Cooper, lawmakers agree on compromise to controversial energy bill

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Gov. Roy Cooper and Republican legislative leaders announced a compromise agreement Friday on a controversial energy bill favored by Duke Energy – legislation that barely mustered enough support to pass the House and had since stalled in the Senate.

The latest draft is much shorter than previous versions of House Bill 951, with many earlier proposals deleted from the latest draft. One provision has been sought by Duke for years: The ability to get Utilities Commission approval for multi-year rate hikes, rather than submit a new application with each rate change. Duke says the approach is necessary to create reliable budgeting for major infrastructure projects, but consumer advocates have been opposed.

The final bill also calls for the Utilities Commission to develop a plan that will reduce carbon emissions by 70% by the year 2030, and reach full “carbon neutrality” by 2050. While that’s a higher threshold than previous versions of the bill would have produced, the new version no longer spells out which coal-fired power plants Duke Energy must close. Instead, the bill calls for Duke to use a 50% securitization approach for financing the closure of coals plants – an attempt to ensure that electric consumers don’t foot the whole bill. While the original bill called for natural gas to replace the coal plants, the new version is silent on the subject. 

The advocacy group Appalachian Voices, which opposes the bill, is skeptical about the carbon neutrality plan. 

“In setting an objective (rather than a requirement) for achieving 70% carbon reductions, the bill grants Duke Energy substantial influence and authority in determining how, and when, that target might be met,” the group said on its website. “Indeed, loopholes written into the bill may delay achievement of that goal by several years.”

Another provision aims to settle a long-running dispute between utility companies and solar energy producers, by requiring that utilities can generate only 55% of the solar energy they use, and the remaining 45% must be from competitive bids among independent solar companies.

There’s also an effort to help lower-income residents afford energy efficiency improvements. According to a news release from Cooper and legislative leaders, “consumers would benefit from access to low to zero interest capital and the ability to qualify based on factors beyond credit scores and collateral. They could also pay down the cost of these improvements through a monthly payment that is taken care of by the resulting savings on their lower cost electric bill.”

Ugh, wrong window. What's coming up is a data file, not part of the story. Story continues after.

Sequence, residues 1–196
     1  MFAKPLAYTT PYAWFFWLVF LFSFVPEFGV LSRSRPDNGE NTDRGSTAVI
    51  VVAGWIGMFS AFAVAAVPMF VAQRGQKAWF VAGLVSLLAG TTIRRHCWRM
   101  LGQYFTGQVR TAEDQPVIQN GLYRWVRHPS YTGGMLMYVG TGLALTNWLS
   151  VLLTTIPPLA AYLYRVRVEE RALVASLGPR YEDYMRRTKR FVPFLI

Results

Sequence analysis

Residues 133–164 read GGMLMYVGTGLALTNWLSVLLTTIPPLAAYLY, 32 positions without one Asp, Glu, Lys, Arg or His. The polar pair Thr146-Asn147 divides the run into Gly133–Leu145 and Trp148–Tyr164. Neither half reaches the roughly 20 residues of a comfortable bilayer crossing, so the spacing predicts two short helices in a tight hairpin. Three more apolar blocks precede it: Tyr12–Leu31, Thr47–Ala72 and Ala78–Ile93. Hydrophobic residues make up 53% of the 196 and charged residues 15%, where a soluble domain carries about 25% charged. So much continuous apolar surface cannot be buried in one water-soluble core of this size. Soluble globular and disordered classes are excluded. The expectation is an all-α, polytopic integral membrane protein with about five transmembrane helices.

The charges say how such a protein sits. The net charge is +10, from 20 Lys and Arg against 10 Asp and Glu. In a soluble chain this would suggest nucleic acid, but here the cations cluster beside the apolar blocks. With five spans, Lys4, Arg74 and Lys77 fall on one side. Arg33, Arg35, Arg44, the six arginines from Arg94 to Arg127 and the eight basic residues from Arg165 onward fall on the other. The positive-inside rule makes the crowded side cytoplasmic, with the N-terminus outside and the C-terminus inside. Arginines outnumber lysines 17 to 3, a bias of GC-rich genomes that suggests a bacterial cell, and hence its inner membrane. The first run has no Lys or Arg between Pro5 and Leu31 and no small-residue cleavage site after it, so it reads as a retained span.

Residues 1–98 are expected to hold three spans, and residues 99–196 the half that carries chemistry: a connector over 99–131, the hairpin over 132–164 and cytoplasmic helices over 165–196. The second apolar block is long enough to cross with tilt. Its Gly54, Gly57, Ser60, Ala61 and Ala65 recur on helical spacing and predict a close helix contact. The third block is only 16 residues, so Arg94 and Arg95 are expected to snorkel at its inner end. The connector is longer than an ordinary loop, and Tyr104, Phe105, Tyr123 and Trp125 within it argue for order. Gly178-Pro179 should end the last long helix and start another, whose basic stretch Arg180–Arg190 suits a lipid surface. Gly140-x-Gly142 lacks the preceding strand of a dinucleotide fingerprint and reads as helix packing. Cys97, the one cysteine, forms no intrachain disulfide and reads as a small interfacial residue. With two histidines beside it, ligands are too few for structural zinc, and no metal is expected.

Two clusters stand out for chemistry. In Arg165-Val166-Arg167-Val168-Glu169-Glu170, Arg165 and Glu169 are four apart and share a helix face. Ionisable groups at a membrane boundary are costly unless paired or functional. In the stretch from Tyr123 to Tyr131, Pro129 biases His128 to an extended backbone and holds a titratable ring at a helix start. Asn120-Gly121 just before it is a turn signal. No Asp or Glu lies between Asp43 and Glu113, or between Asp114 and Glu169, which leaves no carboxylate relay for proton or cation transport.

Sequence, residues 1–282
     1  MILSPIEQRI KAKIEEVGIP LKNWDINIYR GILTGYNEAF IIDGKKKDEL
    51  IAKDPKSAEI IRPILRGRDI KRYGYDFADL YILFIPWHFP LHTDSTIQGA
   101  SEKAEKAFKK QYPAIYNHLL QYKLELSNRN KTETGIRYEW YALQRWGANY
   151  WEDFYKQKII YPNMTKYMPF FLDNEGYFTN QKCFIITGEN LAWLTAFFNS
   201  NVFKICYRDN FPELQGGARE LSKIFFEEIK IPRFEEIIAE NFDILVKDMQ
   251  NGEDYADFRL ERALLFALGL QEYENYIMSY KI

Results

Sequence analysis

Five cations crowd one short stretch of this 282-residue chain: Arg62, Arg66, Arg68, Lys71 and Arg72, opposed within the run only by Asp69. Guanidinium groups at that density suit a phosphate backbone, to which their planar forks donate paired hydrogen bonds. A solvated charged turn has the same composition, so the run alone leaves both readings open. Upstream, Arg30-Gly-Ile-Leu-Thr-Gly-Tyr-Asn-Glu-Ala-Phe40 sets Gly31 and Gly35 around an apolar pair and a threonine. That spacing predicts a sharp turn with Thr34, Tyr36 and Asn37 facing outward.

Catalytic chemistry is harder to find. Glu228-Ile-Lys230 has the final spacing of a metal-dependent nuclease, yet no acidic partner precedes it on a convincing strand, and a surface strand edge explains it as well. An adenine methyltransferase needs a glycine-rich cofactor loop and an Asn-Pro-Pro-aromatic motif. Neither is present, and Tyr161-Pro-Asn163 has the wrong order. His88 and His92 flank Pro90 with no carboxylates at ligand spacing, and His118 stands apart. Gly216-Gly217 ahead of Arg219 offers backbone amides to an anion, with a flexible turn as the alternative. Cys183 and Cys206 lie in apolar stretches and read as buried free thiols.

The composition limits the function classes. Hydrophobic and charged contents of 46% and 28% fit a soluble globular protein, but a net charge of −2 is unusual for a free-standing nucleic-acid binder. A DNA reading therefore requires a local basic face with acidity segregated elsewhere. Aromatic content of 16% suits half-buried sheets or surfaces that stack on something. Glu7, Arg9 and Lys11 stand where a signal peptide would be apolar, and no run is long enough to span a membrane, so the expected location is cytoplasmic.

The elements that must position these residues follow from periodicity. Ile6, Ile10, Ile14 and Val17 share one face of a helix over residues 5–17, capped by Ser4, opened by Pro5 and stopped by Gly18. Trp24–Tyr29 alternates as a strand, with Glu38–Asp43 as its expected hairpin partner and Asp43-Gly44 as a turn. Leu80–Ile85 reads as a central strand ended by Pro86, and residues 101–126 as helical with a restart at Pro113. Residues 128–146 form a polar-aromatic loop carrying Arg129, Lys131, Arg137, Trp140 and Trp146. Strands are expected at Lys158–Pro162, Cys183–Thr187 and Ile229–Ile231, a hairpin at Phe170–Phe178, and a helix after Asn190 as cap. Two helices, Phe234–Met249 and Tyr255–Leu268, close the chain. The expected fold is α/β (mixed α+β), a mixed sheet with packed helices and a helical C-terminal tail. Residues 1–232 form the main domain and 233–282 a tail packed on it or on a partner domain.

In the joint news release, Cooper says the bill “sets a clean energy course for North Carolina’s future that is better for the economy, better for the environment, and better for the pocketbooks of everyday North Carolinians.” Senate leader Phil Berger says it will “signal to businesses and families here now or considering a move here that North Carolina’s leaders are committed to pro-growth energy policies.” And House Democratic Leader Robert Reives, D-Chatham, says it “combats climate change, creates green jobs, and helps consumers and businesses have predictable, fair prices.” 

But not everyone supports the compromise. In a news release later Friday afternoon, the left-leaning N.C. Justice Center issued a statement calling for legislators to vote no. It says the bill “will significantly increase electricity bills for all residential ratepayers, by some estimates up to 50 percent in three years. Households spending $2,400 a year on electricity, for example, would see the cost jump to $3,600 annually.”

Various provisions from earlier versions weren’t included in Friday’s deal. One of them would have allowed utilities to spend up to $50 million on initial permitting for a new nuclear power plant in the state. Another provision, opposed by Cooper, would have prevented his administration from joining the Regional Greenhouse Gas Initiative without the legislature’s blessing.

Duke Energy isn’t mentioned in Friday’s joint press release from elected leaders, but the company issued a statement later Friday:

“Legislative leaders on both sides of the aisle recognize the opportunity in front of us to move away from coal and accelerate a clean energy transition for our state,” spokesman Bill Norton said. “We thank Senate Leader Phil Berger, House Speaker Tim Moore, Gov. Roy Cooper, Senate Democratic Leader Dan Blue, House Democratic Leader Robert Reives and other legislators for their leadership as the legislative process evolves. Our goals at Duke Energy remain – to provide affordable, reliable, and increasingly clean energy to all North Carolinians.”

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